6. DIVERSITY & HUMAN-BASED RESEARCH TASK FORCE: Given the urgency of the matter and the disparities intensified by the pandemic, a taskforce should be created as soon as possible to implement the above recommendations. The action plan should be enacted by the next National ADRD Research Summit. The task force should include representation from all stakeholders.

We have no time to waste. As others have spoken today, we can emerge from this crisis more inclusive and equitable. The positions that the committee takes can make all the difference. You can help rally broad support for these most needed priorities of diversity and addressing health disparities in preclinical research, leading to better care and wellness for all. The Physicians Committee stands ready to help the Council and NIH in the next bold stages of the research priorities in the National Alzheimer's Plan.


N. Super  |  07-29-2020

  • Good afternoon! I am Nora Super, Senior Director of the Milken Institute's Center for the Future of Aging. Today, I'm happy to announce the creation of the Alliance to Improve Dementia Care, of which I will serve as Executive Director. []

  • Last November, the Milken Institute released a comprehensive report to examine the evidence and put forward 25 actionable recommendations to reduce the cost and risk of dementia. We believe these recommendations align well with the goals of the Advisory Council on Alzheimer's Research, Care, and Services -- especially those that were presented today as cross-cutting recommendations. []

  • After consulting with a broad network of stakeholders, we identified the need to establish an Alliance focused on improving dementia care to move these recommendations forward.

  • Using the convening experience and expansive network of the Milken Institute, the Alliance will bring together partners from health systems, industry, research, advocacy, philanthropy, and government to better communicate, collaborate, and advance recommendations to improve dementia care. []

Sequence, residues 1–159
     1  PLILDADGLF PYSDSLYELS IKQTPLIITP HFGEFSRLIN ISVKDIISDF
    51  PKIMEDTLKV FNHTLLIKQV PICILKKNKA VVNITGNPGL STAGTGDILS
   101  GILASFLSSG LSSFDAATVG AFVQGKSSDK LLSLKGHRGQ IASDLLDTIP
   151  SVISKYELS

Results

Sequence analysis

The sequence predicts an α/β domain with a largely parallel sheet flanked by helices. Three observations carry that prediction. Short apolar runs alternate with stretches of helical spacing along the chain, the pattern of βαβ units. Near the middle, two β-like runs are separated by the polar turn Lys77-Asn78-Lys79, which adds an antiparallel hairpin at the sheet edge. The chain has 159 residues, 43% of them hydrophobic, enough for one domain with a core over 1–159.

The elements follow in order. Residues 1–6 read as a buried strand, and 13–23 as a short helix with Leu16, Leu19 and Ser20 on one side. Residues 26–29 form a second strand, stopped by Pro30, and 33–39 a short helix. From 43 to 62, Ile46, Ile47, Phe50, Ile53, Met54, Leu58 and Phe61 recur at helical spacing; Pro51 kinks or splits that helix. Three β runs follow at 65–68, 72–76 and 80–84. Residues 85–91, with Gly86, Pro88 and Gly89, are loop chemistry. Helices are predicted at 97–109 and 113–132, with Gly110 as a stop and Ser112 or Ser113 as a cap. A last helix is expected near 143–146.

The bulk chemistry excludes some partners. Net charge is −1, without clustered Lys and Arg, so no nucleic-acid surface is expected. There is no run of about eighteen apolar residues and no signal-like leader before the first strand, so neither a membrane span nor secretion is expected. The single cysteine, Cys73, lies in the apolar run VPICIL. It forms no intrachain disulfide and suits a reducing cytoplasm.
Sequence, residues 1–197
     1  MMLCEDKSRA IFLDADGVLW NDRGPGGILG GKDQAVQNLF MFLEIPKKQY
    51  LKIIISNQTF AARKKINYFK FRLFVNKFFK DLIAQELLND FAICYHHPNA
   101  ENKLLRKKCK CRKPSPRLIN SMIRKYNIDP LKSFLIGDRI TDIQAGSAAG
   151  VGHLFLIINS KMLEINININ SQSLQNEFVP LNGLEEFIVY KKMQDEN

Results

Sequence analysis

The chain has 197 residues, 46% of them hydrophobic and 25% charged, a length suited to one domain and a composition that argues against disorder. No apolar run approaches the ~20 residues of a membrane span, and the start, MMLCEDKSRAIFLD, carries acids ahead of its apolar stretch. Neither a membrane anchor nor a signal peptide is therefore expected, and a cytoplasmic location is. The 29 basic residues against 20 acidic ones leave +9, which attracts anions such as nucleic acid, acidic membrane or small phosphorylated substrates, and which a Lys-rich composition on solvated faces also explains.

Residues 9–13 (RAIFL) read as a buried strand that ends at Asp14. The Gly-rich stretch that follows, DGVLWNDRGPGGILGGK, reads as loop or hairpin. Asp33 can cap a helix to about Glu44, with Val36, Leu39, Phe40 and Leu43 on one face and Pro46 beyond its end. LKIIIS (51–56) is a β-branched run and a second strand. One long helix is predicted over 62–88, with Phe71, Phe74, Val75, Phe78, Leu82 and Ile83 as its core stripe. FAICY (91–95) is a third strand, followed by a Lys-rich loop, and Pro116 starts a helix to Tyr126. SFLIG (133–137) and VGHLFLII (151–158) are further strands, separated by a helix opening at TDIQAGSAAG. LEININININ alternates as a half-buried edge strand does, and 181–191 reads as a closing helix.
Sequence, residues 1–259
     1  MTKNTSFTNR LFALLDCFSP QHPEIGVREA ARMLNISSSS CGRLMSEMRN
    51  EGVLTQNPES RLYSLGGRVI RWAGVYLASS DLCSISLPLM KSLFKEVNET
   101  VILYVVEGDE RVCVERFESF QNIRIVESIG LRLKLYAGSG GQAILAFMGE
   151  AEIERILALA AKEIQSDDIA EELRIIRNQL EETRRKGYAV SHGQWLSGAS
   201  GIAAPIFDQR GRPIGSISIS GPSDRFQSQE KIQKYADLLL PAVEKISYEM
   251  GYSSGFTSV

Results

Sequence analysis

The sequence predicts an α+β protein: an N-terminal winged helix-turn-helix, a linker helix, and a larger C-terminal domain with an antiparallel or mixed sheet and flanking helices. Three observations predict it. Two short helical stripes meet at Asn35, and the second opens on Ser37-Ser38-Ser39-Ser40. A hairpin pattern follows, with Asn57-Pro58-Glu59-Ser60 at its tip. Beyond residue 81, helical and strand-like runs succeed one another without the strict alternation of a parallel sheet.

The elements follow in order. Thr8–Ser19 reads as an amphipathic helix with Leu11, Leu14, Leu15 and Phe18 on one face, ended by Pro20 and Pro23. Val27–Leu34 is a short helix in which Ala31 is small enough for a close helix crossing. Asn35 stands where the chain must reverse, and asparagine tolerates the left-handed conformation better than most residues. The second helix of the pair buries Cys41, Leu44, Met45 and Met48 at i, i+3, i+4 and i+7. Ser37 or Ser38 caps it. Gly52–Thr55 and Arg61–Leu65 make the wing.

• We believe the Alliance comes at a critical moment to ensure we build workforce capacity and implement comprehensive dementia-care models to effectively identify people at risk for or living with dementia, tailor services to meet their needs and those of their caregivers, and ensure they get the right care at the right time.

  • With support from founding members AARP, the Alzheimer's Association, Bank of America, Biogen, and The John A. Hartford Foundation, we seek to partner with leaders across multiple sectors to create solutions to optimize the workforce, build system capacity, and integrate services and support.

  • We are also deeply committed to developing and promoting policies that reduce disparities in prevalence and access to services for populations at the highest risk for dementia, including women and communities of color.

  • The Alliance to Improve Dementia Care is accepting new members and supporters. For more information on the Alliance to Improve Dementia Care, please visit the Milken Institute website


K.L. Haggerty  |  07-16-2020

I am Project Director at Education Development Center, a non-profit research and development organization. I prepared these public comments with Dr. Epstein-Lubow, a geriatric psychiatrist at Butler Hospital and Associate Professor at Brown University and Dr. Reuben, Professor of Medicine and Chief of the Division of Geriatrics at the David Geffen School of Medicine at UCLA. These comments are our own.

In an public comment at the January 27, 2020 meeting, we stated that the Assistant Secretary for Planning and Evaluation (ASPE) and this Advisory Council must address payment reform for dementia care and treatments. There are at least six working models in the US for dementia care that improve quality, achieve better clinical outcomes for persons living with dementia and caregivers, and some lower costs; but, dementia care using these models is not widely available.

ASPE should be aware that on Nov 7, 2019 a one-day meeting focused on "Payment Models for Comprehensive Dementia Care" convened over fifty clinicians, researchers, advocates, payers and other leaders with expertise in dementia care and healthcare payment. The conference was heldin Washington, D.C. with support from The John A. Hartford Foundation, Hebrew Senior Life, and Education Development Center. During the conference, these experts reviewed short-term solutions for payment reform and discussed next steps for accelerating the use of current and new payment models. A manuscript describing conference outcomes has been accepted for publication in the Journal of the American Geriatrics Society. The manuscript includes recommendations for improving access to comprehensive dementia care through payment reform, research, education and advancement of a population health approach to coverage based on risk and need. HHS should consider the expert recommendations in this manuscript when it becomes available.

In addition, HHS should act now to advance payment reform efforts through three activities: